You Are Here!
There are the five basic questions: Who? Where? What? Why and How? And of these perhaps the most important, certainly the most disturbing is: Where? Where are my keys? Where has he gone? Where the hell am I? We are geospatial creatures evolved to live in and interact with a physical environment in a physical space. We not only need to know where other things, other people are, we also need to know where we are in relation to them, and ideally, where they are in relation to each other. We were made for maps.
Maps help us make these connections with people, places and things too far away to be experienced directly by our senses. Maps are a geospatial representation of our geospatial world, a much closer approximation to the way we experience the world directly than the written or spoken word, especially with the technologies available now.So they area logical way to store, organise, access, and use digital information that has some spatial significance.
An essential element in making and using maps to connect us to other people or things ishaving access to comprehensive relevant datasetsor being able to create one specific to the particular business, organisation or individual, a list of actual or potential clients for example. Using batch geocoding services this can be accomplished quickly and easily from existing digital documents processing multiple documents at a time.Geocodingtranslates an address or postcode in adocument into coordinates on the earth’s surface which enables it to be displayed on a map and used for location based services.
The basis of creativity is said to be the ability to make connections. Because maps reflect the geospatial world we experience, displaying informationon a map can reveal connectionswe wouldn’totherwise recognise, making it easier to identify new opportunities, anticipate trends and find creative solutions to problems.Because we understand maps on an almost instinctive level, information in map form can also be assimilated more quickly, understood more readily. This makes maps ideal for managing information in emergencies such as bushfires, natural disasters and epidemics where information is constantly being updated and a rapid response is often required. Maps canalso be used to emphasis the seriousness of a situation, for example environmental and conservation issues, where one mapcan speak a thousand words.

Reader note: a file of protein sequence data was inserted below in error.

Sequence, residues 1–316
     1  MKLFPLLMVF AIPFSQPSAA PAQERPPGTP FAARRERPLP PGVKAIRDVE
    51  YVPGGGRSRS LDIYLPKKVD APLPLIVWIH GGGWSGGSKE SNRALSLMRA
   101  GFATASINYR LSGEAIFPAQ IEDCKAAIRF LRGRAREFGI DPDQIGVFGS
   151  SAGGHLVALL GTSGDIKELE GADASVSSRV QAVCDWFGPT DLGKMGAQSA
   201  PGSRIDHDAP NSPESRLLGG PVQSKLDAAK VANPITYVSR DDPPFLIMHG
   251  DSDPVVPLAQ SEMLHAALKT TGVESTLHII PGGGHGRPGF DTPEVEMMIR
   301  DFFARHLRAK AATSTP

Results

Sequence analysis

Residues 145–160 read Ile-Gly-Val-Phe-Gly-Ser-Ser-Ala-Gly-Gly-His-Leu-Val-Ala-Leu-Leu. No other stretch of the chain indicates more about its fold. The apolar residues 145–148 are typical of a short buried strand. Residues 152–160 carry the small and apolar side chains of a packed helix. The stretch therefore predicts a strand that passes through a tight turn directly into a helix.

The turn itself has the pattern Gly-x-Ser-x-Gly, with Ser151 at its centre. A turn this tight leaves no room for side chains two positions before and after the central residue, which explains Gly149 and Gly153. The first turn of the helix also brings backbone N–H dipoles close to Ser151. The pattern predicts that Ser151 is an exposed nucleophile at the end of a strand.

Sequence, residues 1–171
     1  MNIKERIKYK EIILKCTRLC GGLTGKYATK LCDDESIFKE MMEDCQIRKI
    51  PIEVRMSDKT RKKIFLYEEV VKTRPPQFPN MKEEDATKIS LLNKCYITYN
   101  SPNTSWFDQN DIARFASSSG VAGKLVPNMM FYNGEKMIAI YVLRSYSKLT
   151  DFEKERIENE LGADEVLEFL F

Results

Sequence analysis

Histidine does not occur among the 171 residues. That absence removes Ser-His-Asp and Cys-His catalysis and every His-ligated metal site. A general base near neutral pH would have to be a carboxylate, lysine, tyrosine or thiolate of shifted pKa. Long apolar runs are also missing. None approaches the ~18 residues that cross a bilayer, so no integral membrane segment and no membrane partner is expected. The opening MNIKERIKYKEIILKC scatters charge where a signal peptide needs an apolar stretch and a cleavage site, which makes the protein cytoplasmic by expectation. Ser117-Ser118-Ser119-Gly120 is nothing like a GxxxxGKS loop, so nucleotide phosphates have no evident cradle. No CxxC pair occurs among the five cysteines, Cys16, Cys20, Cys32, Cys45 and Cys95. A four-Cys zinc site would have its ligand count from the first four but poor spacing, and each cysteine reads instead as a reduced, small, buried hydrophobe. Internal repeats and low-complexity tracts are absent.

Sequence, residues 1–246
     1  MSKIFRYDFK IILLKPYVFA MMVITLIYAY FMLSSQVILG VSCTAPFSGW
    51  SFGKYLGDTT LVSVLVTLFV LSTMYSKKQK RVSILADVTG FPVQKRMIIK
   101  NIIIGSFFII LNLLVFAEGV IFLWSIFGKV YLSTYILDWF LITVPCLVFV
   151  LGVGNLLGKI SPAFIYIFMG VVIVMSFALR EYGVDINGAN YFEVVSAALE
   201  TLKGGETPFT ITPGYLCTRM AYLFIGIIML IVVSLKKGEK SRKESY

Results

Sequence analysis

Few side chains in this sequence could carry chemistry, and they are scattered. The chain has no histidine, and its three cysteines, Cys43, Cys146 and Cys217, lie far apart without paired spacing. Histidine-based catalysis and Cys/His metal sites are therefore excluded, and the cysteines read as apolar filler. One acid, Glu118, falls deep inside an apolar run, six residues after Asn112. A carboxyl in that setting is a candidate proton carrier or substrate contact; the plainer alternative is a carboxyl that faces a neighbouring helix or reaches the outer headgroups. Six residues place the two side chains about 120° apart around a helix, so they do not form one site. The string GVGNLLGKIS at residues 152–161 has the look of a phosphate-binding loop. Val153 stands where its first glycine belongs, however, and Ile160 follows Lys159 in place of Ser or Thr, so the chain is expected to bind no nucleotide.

NASA Map of Fires Detected Sept 28th – Oct 7th
Many people say wehave five basic senses through which we experience the world around us: sight, hearing, taste, touch and smell, but there are additional senses that are less well known. In a digital environment taste, touch and smell are absent.Often the only one of the five that we use issight. This reduces our sense of reality and interaction and diminishes the overall experience. Maps help offset this, enhancing our digital experiences by making them seem more natural, more comfortable and relevant. The closer maps come to reflecting the real world, the better the experience. 3D maps are useful in this respect. Interactive maps and the real time information of location based appsmay help by stimulating what some claim is another sense, our sense of time.
There are two other senses thatareimportant in our interactions in physical space. One is our sense of balance; the other our kinaesthetic sense, our awareness of our own body’s movement, direction and acceleration. These are the senses that make us aware of our own physical place in the world but they can seem irrelevant when we are physically far removed from the objects or people we are connecting with. Thatin turn can lead to feelings of dislocation and disassociation, we can feel lost, our place in the scheme of things uncertain.And what use is a map if we don’t know where we are?
Which brings us to one last sense that isdefinitely worth a mention: although it is not formally recognised as such. And that is our sense of direction. For those of uswho are directionally challenged the most relevant, most important map is the one provided by a navigation service. Never again that hollow feeling of despair as we look around and realise we are lost yet again. One glance at the map and reassurance is immediate “You are here”.